Harris’ return helped in two ways. First, he added another capable defenseman to the rotation, meaning that with Harris, Paul Millsap, Jerami Grant and Torrey Craig, the Nuggets could still play at least three reliable defenders who don’t need the balloon around Jokic and Murray. And the domino effect that ensued meant that Michael Porter Jr. could come off the bench and play more of his minutes against inferior opponents, allowing him to score without giving up so many buckets to Leonard and George on the other end. .
Some of the Clippers’ offensive ailments were of their own accord. Denver missed a few rotations; the Clippers responded by usefully missing open plans. No defensive intensity can explain that in Games 5, 6 and 7, the Nuggets dominated the Clippers 181-117 in the second half; that’s an average margin of 60-39.
But player by player, the Nuggets starters held their ground against a more talented Clippers unit. Grant, for example, was Leonard’s main defenseman in the series, and when they clashed, Leonard shot just nine free throws against 59 field goals. That’s a 15 percent free throw rate; For reference, Leonard’s free throw rate was 35% in the regular season, 42% against the Mavericks in the first round, and 44% in the playoffs. In Game 7, Leonard didn’t shoot a single free throw or, in the fourth quarter, didn’t score any runs.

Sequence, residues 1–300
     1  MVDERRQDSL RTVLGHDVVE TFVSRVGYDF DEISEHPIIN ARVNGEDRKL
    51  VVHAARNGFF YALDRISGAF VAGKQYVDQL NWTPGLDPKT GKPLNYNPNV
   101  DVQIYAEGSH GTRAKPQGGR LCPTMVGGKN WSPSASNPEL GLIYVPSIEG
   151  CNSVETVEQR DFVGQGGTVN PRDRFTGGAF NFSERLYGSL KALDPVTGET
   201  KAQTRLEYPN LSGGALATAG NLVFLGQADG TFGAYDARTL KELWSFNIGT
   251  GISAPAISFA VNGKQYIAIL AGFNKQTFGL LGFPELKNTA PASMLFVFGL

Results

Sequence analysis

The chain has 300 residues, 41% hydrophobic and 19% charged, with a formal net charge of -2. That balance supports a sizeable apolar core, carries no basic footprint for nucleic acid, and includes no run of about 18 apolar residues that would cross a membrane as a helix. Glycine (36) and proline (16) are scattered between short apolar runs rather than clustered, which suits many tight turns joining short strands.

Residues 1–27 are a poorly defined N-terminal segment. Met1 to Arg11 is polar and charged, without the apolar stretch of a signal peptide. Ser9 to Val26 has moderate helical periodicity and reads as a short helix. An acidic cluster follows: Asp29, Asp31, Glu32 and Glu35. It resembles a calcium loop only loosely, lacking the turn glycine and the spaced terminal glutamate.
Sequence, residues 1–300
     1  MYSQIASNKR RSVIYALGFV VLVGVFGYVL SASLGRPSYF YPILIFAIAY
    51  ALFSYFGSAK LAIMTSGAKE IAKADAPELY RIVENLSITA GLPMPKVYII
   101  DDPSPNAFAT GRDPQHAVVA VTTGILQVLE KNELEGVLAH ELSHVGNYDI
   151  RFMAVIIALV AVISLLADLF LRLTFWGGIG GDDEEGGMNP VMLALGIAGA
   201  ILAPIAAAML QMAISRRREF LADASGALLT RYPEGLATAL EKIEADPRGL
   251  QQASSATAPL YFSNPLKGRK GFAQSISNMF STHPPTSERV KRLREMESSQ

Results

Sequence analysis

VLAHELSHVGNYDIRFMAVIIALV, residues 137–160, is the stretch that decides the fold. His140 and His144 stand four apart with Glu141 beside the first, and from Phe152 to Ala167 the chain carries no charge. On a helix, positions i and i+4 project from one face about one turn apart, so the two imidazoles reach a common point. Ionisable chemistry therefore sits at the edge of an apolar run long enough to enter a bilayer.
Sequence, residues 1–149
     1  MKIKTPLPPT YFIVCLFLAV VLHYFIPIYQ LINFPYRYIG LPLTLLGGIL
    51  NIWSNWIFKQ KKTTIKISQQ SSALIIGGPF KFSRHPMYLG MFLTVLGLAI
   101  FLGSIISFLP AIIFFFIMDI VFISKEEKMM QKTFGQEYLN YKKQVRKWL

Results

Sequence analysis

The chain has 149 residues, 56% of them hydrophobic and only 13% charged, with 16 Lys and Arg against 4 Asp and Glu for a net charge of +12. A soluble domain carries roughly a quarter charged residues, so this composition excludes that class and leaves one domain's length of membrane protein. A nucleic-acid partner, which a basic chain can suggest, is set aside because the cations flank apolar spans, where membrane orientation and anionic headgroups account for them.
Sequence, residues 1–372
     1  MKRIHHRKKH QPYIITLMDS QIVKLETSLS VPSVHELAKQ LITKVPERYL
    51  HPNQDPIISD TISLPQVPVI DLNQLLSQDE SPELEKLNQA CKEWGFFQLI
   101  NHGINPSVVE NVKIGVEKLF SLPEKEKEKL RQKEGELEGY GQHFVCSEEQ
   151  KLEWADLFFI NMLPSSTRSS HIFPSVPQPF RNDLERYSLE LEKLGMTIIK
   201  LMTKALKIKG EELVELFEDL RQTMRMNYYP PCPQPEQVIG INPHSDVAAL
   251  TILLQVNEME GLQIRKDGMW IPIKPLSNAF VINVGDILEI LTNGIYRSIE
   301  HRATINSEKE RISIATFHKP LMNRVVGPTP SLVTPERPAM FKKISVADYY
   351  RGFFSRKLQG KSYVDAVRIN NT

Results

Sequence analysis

It remains to be seen whether the Nuggets’ star power and their new defensive goal can propel them into another round, against another favorite opponent. The Lakers are better rested, with two brighter stars and more playoff experience; Our restart odds think the Lakers are 75% of the favorites to advance to the final. But Denver has already overcome much stronger odds twice in the playoffs; What’s another problem for a team in this kind of exhilarating race? And if the Lakers take control of the series early and take a 3-1 lead, well, then the Nuggets will get them exactly where they want them.